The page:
My new parish is full of people, from newborns to elderly choir members, from single twenty-somethings to couples celebrating 40 years together, and everyone in between! The people are kind and welcoming, something I had not found in every church I stepped into. In the other churches people didn’t sing, or the homilies didn’t make sense, or the vibe was off, or there were no screaming kids present, and none of that seemed quite right. Although many people go to the parish closest to them, we are not at all required to do this. I was searching for a parish that felt right to me, especially after going to college where community was the center of my life, I knew I needed a place where an atmosphere of joy was present and alive in its parishioners each time I worship there. To illustrate my point, the USCCB provides a perfect explanation of what a parish community is:
"The parish is where the Church lives. Parishes are communities of faith, of action, and of hope. They are where the Gospel is proclaimed and celebrated, where believers are formed and sent to renew the earth. Parishes are the home of the Christian community; they are the heart of our Church. Parishes are the place where God's people meet Jesus in word and sacrament and come in touch with the source of the Church's life." --Communities of Salt and Light, p. 1
Now is the greatest time to become a parishioner. It is never too late to join a local parish, and it can be as easy as filling out an online application (like I did!). Here are three things that helped me throughout my search:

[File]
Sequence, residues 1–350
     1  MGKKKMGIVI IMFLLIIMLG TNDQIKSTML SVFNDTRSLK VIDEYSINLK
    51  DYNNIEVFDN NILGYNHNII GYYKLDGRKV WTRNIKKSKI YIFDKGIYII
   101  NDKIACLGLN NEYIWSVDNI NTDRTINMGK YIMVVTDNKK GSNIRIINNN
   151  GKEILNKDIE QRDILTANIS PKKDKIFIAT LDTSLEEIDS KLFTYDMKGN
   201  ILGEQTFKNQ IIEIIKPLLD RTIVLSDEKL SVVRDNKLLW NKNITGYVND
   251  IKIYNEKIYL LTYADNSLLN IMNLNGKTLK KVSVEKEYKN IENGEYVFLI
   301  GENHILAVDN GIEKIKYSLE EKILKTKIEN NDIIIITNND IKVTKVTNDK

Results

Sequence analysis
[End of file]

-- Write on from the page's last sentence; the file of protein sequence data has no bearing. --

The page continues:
1. Bring someone. One way to not be nervous about going to a new church is to bring someone else with you like a friend or significant other.
2. Do your research. Look up all the information on that parish before you visit so that you understand a little bit more about the priests, rectors, and the size of the congregation.
3. Go early and explore. My favorite part about seeing a new church was when I got to walk around and see where everything was; everything from the beautiful stained glass and statues to the bathrooms and church hall.
Not long ago, I yearned for a welcoming, warm, friendly, vibrant, energetic parish that could be my new faith-filled community. Taking this leap into adulthood closed a chapter from my formative college years and began a new chapter in continuing my faith journey. So, whether it is Marriage, Baptism, Confirmation, Easter, Ordinary Time, or Advent, I know my heart will be open to listening for God’s message of love in a place I can call my home parish.
Krissy Kirby is a teacher for the Archdiocese of Washington, D.C.